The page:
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ATHENS — Greek Prime Minister Kyriakos Mitsotakis on Friday sought to deflect increasingly heated attacks in parliament over a spiraling phone-tapping scandal by accusing unidentified foreign entities of trying to destabilize the country amid an energy crisis and increased threats from Turkey.
Earlier this month, Greece’s spy chief and the government’s general secretary lost their jobs after revelations that the phone of an opposition leader, Nikos Androulakis, had been tapped. In a labyrinthine case, Mitsotakis’ center-right government admits that the intelligence service conducted this legal wiretapping, but is denying any involvement with what it calls separate illegal cases, in which Androulakis and journalists were bugged with spy software called Predator.
During a heated parliamentary session on Friday, Mitsotakis dug in and refused to answer the key question of why the phone of Androulakis, head of the center-left Pasok party, had been bugged. Alexis Tsipras, leader of the biggest opposition party, the left-wing Syriza group, slammed the hack as a “criminal act” and said that Mitsotakis’ handling of the case should lead to his resignation.
Mitsotakis, who faces a national election by next year at the latest, vowed to stay in government and not call a snap election, arguing that he needed to stick around to ensure stability in the face of threats from unnamed foreign forces.
“I’m well aware that there are interests that want weak governments, because they believe that this increases their ability to exert influence,” he said. He added that everyone should calm down because Greece’s neighbors, referring to Turkey, “remain unpredictable.”
“War, the huge energy crisis, high prices, all bode for a very difficult winter. And not only that. In Evros [the Greek-Turkish border region], a new wave of invasion is already being planned, this time under a supposedly humanitarian mask,” he added.
Mitsotakis defended the workings of the country’s national intelligence service (EYP), saying its operations were essential to the country’s security, despite the misstep of tapping an opposition leader’s phone, in what he said was a legal but “politically unacceptable” operation.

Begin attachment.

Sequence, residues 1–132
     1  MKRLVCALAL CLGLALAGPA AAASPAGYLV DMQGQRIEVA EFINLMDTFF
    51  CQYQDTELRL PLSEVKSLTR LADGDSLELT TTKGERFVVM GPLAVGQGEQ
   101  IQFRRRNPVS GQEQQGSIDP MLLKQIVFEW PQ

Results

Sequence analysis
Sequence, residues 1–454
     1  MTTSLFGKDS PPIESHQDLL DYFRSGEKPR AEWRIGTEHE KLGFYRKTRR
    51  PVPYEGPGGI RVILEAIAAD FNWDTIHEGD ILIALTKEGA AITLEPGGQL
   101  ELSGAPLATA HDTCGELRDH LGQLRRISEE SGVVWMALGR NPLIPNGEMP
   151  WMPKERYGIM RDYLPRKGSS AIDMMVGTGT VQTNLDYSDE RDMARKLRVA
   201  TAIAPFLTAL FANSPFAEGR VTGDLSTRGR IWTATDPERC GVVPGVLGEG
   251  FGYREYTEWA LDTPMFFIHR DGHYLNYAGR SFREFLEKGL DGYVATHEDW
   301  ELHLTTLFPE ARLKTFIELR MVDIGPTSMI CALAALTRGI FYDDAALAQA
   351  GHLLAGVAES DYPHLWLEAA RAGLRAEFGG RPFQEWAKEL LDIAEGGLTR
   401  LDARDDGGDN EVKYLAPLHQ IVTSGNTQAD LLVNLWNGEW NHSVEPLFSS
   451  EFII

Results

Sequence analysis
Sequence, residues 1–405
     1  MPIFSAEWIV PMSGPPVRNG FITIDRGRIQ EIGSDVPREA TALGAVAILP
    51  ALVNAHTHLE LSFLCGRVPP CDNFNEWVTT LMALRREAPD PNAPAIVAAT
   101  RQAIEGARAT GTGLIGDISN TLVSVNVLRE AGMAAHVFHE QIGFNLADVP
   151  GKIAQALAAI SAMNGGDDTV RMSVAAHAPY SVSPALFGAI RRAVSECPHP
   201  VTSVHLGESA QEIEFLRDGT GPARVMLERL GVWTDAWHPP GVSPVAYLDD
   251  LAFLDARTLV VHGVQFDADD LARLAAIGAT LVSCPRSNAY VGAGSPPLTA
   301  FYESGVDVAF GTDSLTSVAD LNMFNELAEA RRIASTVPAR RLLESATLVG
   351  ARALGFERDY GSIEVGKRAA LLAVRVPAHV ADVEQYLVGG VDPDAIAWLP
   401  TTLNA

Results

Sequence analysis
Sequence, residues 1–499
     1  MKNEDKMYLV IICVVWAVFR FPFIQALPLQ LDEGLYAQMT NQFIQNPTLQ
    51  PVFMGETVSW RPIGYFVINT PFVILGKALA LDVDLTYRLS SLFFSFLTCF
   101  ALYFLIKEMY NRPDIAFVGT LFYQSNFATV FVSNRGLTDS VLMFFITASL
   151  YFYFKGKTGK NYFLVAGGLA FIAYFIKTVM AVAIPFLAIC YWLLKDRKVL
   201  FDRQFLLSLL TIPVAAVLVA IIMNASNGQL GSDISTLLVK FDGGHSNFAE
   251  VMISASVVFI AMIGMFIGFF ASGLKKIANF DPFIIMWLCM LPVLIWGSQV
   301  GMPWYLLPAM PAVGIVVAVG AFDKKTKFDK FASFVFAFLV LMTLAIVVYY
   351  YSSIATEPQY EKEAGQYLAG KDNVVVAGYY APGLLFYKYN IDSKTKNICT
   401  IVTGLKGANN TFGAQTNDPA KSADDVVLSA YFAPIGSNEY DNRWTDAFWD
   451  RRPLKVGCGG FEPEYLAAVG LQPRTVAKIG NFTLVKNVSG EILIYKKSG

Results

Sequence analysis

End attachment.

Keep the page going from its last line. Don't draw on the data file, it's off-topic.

“Nothing must bring into question this valuable operational branch of the state,” Mitsotakis said during the debate called by Syriza, after it was revealed that Androulakis, head of Greece’s third largest party, was put under surveillance for three months by EYP last year, when he was running for his party’s leadership.
In the dark?
Mitsotakis also insisted he was personally unaware of the wiretapping and that he would not have approved it had he known. “No prime minister can be aware of who EYP taps,” he said.
Greece’s National Intelligence Service does, however, report directly to the prime minister’s office, according to a change in legislation voted in by the ruling New Democracy government.
“The biggest cowardice is not to accept political responsibility and say ‘It’s not my fault, it’s my nephew’s fault,'” Tsipras replied, referring to the fact that the government’s general secretary, who resigned because of the scandal, earlier this month was Mitsotakis’ nephew.
“That is what you plead, that you are so irresponsible and so inadequate that even your closest associate, even your closest relative was operating in such serious matters without your knowledge,” he added.
Mitsotakis was pressed by all party leaders to answer why Androulakis was under surveillance.
“You are obliged to give an answer. What was this national reason?” Tsipras demanded. “Is Mr. Androulakis an agent of foreign interests … Is he a spy of foreign forces? Is he dangerous to our national interests?”
Androulakis filed a complaint with prosecutors at Greece’s Supreme Court on July 26 over the Predator spyware, and demanded to know the reasons for the intelligence service’s hack.
In April, financial journalist Thanassis Koukakis said he had been notified by digital rights group Citizen Lab that his phone had been the target of surveillance by Predator software from July to September 2021. The government also admitted during a closed parliamentary session that he was also under survaillance by EYP, according to several lawmakers present in the session. Athens, however, separately denies any connection with the Predator software.
Last November, journalist Stavros Malichudis realized from a leaked report that the government had spied on him. The government denied the allegation and the media paid little attention to it.
The head of Pasok’s parliamentary group Michalis Katrinis accused the government of deliberately obscuring the company that operates and sells the Predator software in Greece, despite its offices being only some 10 kilometers from the Greek parliament.
“What are the personal, family and professional relations of the people who own and trade Predator with central executives of the system of the [the PM’s office] … Whose morbid strategy is served by the effort to trap and blackmail journalists, politicians and businessmen?” he asked.
Androulakis lashed out against the government while speaking to his parliamentary group on Thursday, saying that they were “plotting against him.”
“A shadow state mechanism wanted to hold Pasok hostage. The plan failed miserably,” he said.“The government repeatedly claims that the Greek authorities do not use Predator. But is it the simultaneous [surveillance by] EYP and Predator within a few days a coincidence?” he asked rhetorically.
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